NEW DELHI: Delhi High Court today asked the city government and traffic police to give a report indicating whether app-based cab service provider Ola was operating in the national capital in violation of its orders.
Justice Manmohan sought a status report from Delhi government on steps taken to enforce the court's decisions upholding the transport department's January 1 ban on such companies till they complied with the modified Radio Taxi Scheme.
The order came on the plea of the Association of Radio Taxis which claimed that ANI Technologies Pvt Ltd, which operates under brand name of Ola, was still running in the city in violation of court orders.
The association has alleged that Ola has been operating in the city despite a July 29 order of a single-judge as well as a August 11 decision of a division bench of the high court upholding the ban.
The association has sought initiation of contempt action against Bhavish Aggarwal, CEO and founder of Ola, for the company's alleged operations in violation of court orders.
Its lawyers placed bills of Ola cab services availed on August 12, 13 and 14 and contended that the company was still running.
The court, however, asked how it can be said that the bills were of diesel Ola cabs and not cabs run on CNG.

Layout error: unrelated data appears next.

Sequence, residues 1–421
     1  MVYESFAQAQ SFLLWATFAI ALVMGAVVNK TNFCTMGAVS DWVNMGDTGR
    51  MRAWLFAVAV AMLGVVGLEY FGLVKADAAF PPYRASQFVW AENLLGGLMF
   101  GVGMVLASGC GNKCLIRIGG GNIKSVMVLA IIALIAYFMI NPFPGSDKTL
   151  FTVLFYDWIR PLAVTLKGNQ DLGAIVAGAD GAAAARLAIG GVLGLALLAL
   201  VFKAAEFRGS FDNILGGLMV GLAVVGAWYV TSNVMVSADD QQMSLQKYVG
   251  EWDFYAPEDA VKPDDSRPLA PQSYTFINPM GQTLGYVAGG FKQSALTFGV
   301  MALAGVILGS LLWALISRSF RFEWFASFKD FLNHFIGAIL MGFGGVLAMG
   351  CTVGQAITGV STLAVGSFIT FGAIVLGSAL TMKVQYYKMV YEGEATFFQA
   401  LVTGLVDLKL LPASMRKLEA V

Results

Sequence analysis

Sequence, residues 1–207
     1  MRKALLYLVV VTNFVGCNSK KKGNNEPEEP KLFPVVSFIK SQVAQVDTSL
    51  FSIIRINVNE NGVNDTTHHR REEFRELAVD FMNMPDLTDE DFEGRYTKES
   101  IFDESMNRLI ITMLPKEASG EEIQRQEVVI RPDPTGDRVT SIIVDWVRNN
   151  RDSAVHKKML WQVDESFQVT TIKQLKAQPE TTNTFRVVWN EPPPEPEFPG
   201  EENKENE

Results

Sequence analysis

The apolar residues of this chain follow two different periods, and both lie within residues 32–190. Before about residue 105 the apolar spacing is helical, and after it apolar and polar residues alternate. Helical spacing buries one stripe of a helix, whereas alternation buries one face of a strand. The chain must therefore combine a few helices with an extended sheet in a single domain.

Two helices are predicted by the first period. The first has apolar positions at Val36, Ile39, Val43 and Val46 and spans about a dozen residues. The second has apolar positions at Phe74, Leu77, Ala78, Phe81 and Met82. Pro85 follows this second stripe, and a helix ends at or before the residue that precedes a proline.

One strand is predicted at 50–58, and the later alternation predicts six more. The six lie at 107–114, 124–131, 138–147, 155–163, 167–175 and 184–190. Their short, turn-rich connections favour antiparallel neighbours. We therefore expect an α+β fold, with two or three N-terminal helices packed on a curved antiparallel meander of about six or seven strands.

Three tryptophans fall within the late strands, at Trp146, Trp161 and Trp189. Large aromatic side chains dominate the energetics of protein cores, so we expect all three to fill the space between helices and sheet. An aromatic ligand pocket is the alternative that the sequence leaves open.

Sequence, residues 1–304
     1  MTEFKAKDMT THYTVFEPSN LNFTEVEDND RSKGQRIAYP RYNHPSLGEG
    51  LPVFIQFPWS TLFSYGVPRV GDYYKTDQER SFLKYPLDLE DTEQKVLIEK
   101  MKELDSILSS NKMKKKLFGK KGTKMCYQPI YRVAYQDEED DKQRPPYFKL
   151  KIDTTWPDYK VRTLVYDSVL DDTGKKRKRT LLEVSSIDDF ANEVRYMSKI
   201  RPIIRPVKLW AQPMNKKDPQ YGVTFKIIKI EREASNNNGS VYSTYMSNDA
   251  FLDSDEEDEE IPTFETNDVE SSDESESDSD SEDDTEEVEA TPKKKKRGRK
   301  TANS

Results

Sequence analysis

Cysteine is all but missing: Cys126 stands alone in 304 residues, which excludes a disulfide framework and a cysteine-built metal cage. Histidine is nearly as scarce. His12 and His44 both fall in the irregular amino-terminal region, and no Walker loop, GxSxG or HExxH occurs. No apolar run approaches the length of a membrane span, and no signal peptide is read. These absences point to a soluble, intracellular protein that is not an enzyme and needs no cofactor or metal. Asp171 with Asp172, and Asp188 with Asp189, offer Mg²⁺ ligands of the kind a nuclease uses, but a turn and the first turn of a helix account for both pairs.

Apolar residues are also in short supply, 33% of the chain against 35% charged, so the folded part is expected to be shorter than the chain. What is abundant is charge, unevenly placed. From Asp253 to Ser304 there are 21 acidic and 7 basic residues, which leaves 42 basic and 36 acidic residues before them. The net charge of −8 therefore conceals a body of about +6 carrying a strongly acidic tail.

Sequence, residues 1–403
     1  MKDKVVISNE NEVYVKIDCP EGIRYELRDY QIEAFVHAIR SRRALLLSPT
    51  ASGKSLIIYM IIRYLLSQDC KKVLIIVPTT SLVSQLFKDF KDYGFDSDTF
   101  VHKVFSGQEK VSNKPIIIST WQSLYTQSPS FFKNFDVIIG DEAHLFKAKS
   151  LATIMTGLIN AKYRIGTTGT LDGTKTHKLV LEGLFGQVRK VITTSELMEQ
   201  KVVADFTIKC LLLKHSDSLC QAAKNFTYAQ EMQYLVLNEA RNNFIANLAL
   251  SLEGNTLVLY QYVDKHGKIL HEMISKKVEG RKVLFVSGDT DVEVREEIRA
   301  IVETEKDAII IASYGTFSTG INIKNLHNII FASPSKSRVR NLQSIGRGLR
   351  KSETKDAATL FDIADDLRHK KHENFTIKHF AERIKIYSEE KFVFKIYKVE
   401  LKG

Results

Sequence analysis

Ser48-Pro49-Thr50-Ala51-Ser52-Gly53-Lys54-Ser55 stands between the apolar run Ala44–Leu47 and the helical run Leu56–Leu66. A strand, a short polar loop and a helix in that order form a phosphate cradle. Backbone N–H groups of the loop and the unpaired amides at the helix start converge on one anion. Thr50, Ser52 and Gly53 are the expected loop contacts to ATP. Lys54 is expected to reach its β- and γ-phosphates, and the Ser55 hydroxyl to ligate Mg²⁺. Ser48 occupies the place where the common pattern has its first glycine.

In reply, the association's counsel contended that it was an admitted fact that all taxis contracted by Ola are diesel cabs having All India Tourist Permits (AITP).
The counsel also termed as "inconceivable" that Ola could have converted 50 per cent of its fleet of diesel cabs to CNG, as stated in news reports, since the July 29 interim order.
The court, however, asked why the transport department had not come with a contempt plea and sought a status report from Delhi government in order to cross-check claims of the association with the ground reality.
The high court had on August 11 dismissed Ola's appeal against its July 29 order, saying the company was "factually incorrect" to contend non-CNG commercial vehicles, like diesel cabs, were not barred from plying in the national capital.
It had said that Ola's contention that as per Supreme Court orders, taxis only needed to be Euro II compliant was "misplaced".
The high court in its August 12 judgement had also said that its July 29 direction to enforce the January 1 order banning operation of app-based cab services till they comply with the modified Radio Taxi Scheme, was "unexceptionable".
It had observed that the single-judge's direction was passed with the purpose of strict compliance of the apex court's orders in M C Mehta case.
In its plea before the single-judge, Ola had contended that it was not amenable to the Delhi government's modified Radio Taxi Scheme as cabs contracted by it have All India Tourist Permits and thus, it does not need to apply for licence to operate in the city.
Ola has argued that other taxi organisations, which are not app-based, come under Radio Taxi Scheme and they own cabs they operate, while Ola does not own the vehicles that run under their brand and only connects the taxis with customers.
Delhi government's January 1, 2015, order had banned operation of app-based cab services till they complied with the guidelines of Radio Taxi Scheme of 2006 which was amended on December 26 last year.
The scheme was amended after a woman executive was allegedly raped in a Uber cab in December last year.